Southern Oregon physicians—from family practice specialists to psychiatrists—and nurse practitioners, social workers and other mental health professionals have been meeting for several months to...
Today we are launching discussion forums on Mad in America. We intend for these forums to serve three broad purposes. 1) Furthering discussion of the issues raised here. 2) Sharing personal experiences with psychiatric drugs, and 3) Providing a platform for personal networking and activism.
For a long time, psychotherapy has been seen as providing little benefit to patients with schizophrenia or other psychotic disorders. However, two recent studies,...
While the mental health system identifies psychosis as being about suffering, or “hellish” experiences, if you actually listen to individual stories, it is obvious...
While some will frame Eleanor Longden’s story, told in her awesome TED video (which has now been viewed about 1/2 million times!), as the triumph of an individual struggling against “mental illness,” I believe the story might better be seen as a refutation of the whole “illness of the mind” metaphor, and as an indication of a desperate need for a new paradigm.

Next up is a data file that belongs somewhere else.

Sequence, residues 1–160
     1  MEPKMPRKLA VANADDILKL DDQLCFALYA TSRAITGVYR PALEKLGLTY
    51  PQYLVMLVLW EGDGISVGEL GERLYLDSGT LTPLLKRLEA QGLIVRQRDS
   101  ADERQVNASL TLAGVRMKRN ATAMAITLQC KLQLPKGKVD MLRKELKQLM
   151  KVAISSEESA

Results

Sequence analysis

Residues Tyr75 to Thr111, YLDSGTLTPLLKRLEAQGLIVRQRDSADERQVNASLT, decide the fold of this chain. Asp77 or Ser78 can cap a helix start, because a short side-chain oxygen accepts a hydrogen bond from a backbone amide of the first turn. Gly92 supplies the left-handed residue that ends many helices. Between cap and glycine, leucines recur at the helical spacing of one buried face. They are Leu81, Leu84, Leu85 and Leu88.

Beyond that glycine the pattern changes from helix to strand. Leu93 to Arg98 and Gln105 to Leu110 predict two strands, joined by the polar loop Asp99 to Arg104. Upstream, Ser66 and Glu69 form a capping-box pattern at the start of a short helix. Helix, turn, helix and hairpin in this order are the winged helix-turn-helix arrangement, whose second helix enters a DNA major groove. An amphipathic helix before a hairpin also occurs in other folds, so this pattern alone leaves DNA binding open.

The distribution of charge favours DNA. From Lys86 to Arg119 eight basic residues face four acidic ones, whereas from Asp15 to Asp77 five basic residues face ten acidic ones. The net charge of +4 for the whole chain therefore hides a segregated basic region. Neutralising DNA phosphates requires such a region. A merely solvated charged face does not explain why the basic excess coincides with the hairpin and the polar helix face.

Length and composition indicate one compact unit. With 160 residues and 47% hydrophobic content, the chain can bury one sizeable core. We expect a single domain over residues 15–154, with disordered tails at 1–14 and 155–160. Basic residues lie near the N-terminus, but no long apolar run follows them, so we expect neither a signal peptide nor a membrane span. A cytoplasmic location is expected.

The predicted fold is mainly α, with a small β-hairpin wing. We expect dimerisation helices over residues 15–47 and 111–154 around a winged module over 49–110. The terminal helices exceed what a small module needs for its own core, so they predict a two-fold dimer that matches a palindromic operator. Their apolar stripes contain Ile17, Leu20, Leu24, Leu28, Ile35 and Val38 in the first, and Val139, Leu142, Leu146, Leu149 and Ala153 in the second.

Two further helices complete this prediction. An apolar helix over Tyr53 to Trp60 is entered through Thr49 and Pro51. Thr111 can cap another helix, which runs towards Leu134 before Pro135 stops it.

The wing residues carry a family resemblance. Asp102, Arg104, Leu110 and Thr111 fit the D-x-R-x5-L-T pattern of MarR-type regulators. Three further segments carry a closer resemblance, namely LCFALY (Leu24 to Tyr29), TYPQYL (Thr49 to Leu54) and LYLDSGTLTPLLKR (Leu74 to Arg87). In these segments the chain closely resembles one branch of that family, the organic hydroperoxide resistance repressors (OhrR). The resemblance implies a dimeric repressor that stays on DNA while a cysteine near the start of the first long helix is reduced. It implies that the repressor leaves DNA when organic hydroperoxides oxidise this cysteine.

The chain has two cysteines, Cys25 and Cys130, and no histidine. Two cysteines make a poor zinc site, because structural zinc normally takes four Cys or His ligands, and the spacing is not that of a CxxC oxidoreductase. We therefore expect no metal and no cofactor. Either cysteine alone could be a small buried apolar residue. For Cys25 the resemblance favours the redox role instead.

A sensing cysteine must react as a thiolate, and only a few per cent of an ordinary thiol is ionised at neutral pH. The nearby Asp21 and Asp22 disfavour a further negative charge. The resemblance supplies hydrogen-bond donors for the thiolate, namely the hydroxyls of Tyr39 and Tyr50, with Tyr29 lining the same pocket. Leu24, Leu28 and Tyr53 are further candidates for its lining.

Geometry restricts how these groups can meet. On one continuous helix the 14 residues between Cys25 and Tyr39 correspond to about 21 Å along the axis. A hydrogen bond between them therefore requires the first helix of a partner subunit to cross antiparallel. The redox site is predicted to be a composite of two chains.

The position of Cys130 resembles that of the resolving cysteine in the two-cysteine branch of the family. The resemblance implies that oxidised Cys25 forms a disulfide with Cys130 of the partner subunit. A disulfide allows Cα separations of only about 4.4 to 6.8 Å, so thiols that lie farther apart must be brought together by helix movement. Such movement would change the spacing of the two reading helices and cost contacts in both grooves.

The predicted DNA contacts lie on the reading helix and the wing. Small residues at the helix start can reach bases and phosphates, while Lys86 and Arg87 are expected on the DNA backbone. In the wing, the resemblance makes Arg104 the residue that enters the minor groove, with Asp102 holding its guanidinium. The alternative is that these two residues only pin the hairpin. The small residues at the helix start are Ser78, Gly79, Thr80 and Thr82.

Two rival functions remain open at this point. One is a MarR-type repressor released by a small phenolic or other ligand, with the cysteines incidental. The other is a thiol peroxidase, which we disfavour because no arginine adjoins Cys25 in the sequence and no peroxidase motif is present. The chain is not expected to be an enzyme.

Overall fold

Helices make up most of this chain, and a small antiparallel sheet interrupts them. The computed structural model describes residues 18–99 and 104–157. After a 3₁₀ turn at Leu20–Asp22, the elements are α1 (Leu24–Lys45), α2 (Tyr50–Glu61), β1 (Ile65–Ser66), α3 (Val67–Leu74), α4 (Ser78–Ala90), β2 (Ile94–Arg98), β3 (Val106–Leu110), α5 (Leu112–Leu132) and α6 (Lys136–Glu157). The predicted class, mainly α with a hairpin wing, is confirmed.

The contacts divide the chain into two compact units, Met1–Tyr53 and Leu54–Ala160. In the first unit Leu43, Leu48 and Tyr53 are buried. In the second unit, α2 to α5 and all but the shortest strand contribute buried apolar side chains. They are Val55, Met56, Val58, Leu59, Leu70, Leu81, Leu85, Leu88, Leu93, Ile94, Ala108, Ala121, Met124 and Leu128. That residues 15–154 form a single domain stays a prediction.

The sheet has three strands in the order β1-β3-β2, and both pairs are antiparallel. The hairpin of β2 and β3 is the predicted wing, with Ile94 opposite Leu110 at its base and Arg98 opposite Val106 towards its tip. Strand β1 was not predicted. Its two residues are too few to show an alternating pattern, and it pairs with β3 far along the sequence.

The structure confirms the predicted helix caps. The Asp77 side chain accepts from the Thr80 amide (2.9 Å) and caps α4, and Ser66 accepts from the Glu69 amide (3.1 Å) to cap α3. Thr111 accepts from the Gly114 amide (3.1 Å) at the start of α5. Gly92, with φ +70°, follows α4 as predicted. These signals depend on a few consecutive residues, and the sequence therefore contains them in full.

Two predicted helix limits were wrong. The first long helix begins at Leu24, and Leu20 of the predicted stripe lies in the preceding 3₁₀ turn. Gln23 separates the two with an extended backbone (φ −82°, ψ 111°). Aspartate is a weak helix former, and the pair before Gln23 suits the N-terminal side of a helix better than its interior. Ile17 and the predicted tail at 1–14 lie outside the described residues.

Conferences, trainings and seminars can play an important role in changing the culture of a community. As Margaret Mead said: “Never doubt that a small group of thoughtful, committed citizens can change the world. Indeed, it is the only thing that ever has.” The work is formidable but the results… man it is worth it!
There has been much attention in this site to the role of psychiatry and psychiatrists for people who are experiencing mental or emotional distress. One area that I have chosen to focus on with my patients is food since it is a place where I believe I can have a positive impact on their lives.
How are we going to do this? That’s the question we asked ourselves when a few likeminded bureaucrats sat down and said, our current...
The Atlantic web site has just published a strange piece on the efficacy of the antidepressants. When getting into a discussion with about antidepressants with a...
I don't understand your recent sponsorship of a bill to remove "the option for a jury trial for a certification for either a mental health or substance misuse hold."
The Bureau of Bears kept me alive when I was driving a cab all night in New York City, with a raging undiagnosed traumatic...